“Out of all the billions, I don’t think they’ll call it a victory,” he said. “But we call it a total victory on all fronts.”
Japan tobacco wins court protection in Canada over smoking
Japan Tobacco Inc.’s Canadian unit was granted creditor protection by the Ontario Superior Court after a legal defeat over the risks of smoking that threatens the existence of tobacco companies in the country, write Natnicha Chuwiruch, Jeff Sutherland and Robert Tuttle for Bloomberg.
The court extended protection late on Friday 8 March in favour of JTI-Macdonald Corp. after the company argued that the damage award of as much as C$1.77 billion ($1.32 billion) exceeds its capacity to pay, Japan Tobacco said in a statement. JTI-Macdonald must make an initial damages deposit of C$145 million.
The Canadian units of British American Tobacco Plc, Philip Morris International Inc. and Japan Tobacco were ordered earlier to pay damages initially estimated at about C$17 billion after losing an appeal of class actions filed by Quebec smokers. The total industry liability was later estimated at C$13.5 billion. BAT said this week the ruling would hit its profit and set aside C$758 million to cover damages, while Philip Morris cut its 2019 outlook.The legal defeat in Quebec was the latest blow to global tobacco companies, which have been undergoing a major shift as they try to lower their reliance on traditional cigarettes, seeking a future with alternative products as smoking demand wanes and countries tighten regulations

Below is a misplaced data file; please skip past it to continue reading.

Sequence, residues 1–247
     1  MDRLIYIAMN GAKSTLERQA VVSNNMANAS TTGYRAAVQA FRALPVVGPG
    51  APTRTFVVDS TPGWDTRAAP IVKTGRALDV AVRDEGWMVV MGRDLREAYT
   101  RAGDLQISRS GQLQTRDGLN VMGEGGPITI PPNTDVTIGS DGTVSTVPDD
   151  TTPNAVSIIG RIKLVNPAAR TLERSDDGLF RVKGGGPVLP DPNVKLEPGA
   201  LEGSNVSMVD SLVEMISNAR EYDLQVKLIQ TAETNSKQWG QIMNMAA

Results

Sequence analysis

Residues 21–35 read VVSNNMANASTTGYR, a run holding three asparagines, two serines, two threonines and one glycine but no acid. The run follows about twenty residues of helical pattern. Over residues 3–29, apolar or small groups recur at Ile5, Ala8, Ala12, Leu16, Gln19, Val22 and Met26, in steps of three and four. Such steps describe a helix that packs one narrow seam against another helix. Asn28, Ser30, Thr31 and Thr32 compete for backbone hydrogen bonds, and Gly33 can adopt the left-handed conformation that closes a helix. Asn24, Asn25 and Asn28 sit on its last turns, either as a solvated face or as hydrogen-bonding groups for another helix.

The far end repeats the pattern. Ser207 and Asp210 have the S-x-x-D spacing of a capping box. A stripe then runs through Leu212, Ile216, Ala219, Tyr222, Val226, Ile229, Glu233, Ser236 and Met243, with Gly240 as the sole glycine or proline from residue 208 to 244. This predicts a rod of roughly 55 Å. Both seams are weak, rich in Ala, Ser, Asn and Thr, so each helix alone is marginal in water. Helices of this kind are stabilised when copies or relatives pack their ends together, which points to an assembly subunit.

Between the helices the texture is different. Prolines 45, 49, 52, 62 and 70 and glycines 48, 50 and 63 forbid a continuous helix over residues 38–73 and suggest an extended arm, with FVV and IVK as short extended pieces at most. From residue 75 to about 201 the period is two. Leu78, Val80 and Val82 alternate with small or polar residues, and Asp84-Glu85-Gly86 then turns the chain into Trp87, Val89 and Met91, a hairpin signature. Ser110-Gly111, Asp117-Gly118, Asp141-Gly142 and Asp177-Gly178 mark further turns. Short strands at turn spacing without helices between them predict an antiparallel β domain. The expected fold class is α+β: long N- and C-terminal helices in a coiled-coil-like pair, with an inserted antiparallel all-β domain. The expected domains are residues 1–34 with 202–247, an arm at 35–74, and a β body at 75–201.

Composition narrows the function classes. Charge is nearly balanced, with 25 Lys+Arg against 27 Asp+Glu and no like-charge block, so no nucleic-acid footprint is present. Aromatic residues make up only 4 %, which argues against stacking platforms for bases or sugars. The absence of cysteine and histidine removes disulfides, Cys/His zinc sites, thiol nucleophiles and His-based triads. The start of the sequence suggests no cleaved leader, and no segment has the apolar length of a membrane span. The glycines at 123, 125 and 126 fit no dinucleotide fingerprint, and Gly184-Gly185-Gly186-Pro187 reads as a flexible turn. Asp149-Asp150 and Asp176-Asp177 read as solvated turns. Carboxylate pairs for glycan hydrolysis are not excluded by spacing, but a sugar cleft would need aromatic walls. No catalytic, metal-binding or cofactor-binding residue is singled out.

Analysts had warned that if Big Tobacco loses the Quebec cases, it could bankrupt the industry in Canada. The case stems from lawsuits originally filed in 1998, and involved the first damages against the industry in Canada. The lawsuits were in favor of smokers seeking damages for addiction and smoking-related diseases, who argued they were never warned of the risks.
JTI-Macdonald said the protection under Canada’s Companies’ Creditors Arrangement Act was its best option to allow it to continue doing business. The company said it will also proceed with an appeal to the Supreme Court of Canada.